In advance of the 2019 Nantucket Film Festival, N Magazine spoke with actor and director Gillian Jacobs. Known for her roles in NBC’s Community, HBO’s Girls, and Netflix’s Love, Jacobs will be on island this week screening her narrative directorial debut short film Curated, part of Refinery29’s groundbreaking Shatterbox Series.
N MAGAZINE: Your film Curated, which you will be discussing during Afternoon Tea Talks, grew from a personal experience with your own grandmother and then took on a life of its own as a short horror film. How did that happen exactly and was it difficult to step back into the bigger picture and let this story, inspired by your grandmother, develop on its own?
JACOBS: I’ve always been fascinated by my grandmother but I knew that having an interesting character wasn’t enough to make a short film. I also felt too close to the material to have the necessary distance. Refinery29 introduced me to the writer Amelia Gray who did a brilliant job of taking the seeds of my grandmother’s personality and crafting it into a horror narrative. Amelia and I share an interest in the creepy and strange and she infused the script with that feeling.
N MAGAZINE: How do you feel like your own transition from acting to directing can help shape or impact the world of film for women? How do you think the field can encourage more women to take on different kinds of roles and jobs in film like you have?
JACOBS: I’m lucky that I am surrounded by people in my professional and personal life who encourage, support and believe in me. My manager, Jill Kaplan, always pushes me to do more and take risks, like directing. Not everyone has those people. I think the industry should mentor women who want try a new job, provide them with opportunities to shadow directors or fund their short films. Refinery29 and TNT have shown that there are so many women out there who can direct, they just need to be given the chance.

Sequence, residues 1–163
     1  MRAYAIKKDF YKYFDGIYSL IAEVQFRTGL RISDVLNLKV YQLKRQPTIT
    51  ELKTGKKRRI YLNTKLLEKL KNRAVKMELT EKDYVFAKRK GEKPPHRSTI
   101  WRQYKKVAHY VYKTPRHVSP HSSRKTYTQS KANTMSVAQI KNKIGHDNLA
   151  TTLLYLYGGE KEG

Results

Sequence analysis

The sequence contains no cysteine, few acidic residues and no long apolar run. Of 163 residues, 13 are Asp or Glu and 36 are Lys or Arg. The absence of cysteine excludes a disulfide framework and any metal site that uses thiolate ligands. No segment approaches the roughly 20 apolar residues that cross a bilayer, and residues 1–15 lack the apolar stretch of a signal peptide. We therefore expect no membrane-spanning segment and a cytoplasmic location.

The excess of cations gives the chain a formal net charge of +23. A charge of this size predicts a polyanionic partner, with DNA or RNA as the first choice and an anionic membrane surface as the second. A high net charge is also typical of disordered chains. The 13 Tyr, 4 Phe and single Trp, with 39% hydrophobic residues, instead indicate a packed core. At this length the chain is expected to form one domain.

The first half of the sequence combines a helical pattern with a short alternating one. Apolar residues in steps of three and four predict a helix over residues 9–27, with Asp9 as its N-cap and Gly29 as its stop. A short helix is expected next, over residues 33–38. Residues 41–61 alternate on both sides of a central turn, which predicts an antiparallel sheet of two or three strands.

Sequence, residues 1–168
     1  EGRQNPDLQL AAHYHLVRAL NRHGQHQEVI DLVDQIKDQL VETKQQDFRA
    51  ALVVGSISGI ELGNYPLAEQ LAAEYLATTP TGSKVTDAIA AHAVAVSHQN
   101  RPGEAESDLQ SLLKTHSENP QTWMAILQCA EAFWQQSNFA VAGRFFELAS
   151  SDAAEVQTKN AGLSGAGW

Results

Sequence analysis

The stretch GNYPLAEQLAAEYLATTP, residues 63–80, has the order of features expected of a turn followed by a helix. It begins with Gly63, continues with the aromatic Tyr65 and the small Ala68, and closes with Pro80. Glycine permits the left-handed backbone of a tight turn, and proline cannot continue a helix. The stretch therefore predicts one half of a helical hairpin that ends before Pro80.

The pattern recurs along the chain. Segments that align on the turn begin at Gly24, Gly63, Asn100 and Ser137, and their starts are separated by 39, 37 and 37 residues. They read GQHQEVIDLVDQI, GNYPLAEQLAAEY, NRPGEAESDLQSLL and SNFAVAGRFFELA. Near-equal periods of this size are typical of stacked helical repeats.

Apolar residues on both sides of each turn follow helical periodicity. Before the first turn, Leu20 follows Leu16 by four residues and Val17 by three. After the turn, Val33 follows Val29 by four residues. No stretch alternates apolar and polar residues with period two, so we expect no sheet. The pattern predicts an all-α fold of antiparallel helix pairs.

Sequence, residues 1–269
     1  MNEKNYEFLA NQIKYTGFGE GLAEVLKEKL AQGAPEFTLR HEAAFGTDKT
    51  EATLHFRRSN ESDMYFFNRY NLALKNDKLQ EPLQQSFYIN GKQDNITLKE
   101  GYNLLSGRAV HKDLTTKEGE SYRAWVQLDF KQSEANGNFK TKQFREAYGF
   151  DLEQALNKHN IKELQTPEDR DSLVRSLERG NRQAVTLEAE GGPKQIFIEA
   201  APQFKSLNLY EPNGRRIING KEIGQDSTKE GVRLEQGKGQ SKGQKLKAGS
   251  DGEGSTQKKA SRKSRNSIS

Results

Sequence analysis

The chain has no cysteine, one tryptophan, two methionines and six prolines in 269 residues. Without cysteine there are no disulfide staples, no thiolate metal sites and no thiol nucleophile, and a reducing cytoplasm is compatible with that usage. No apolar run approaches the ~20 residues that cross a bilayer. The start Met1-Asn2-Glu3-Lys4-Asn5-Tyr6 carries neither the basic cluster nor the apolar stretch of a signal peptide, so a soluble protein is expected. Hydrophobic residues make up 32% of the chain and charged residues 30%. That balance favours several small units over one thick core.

N MAGAZINE: Your directorial debut was with your film Queen of Code, a piece about a brilliant and successful woman, Grace Hopper, the naval officer and computer scientist. Do you think you will continue to direct projects that focus around women, specifically powerful and impactful women to you like Hopper and your grandmother?
JACOBS: I seem to be drawn again and again to stories about women. My grandmother saw herself as a grand figure, like a Grace Hopper, but never achieved the fame or recognition she wanted. I really enjoy discovering women who haven’t gotten their due and trying to shine a light on their accomplishments.
N MAGAZINE: What was it like transitioning from acting to directing? Did you always know that directing was something that you are passionate about, or was there a specific instant or project that gave you the realization?
JACOBS: I didn’t set out to become a director. In fact, during my orientation week of college, a psychic told me I was going to become a director and I was very upset. I was going to school to become an actor not a director! Over the years, as I learned more and more about how sets worked, I wanted to try something new. I saw some of my fellow cast mates on Community directing short documentaries for 30 for 30 at ESPN and I wanted to try my hand at it as well. Dan Silver, who ran 30 for 30 Films, hired me to direct the documentary about Grace Hopper and set me down this path. I owe a lot to Dan and his belief in me.
N MAGAZINE: Do you have any other upcoming projects that you can tell our audience about?
JACOBS: As an actor, I recently completed the films Larry for Amblin and Fear Street for Fox. As a director, I have some exciting projects in the works that will once again celebrate amazing women.
Gillian Jacobs will be screening and discussing her film Curated as part of the Nantucket Film Festival this Friday, June 21 at 3:00pm in the Dreamland Theater Harborview Room. Tickets are available here.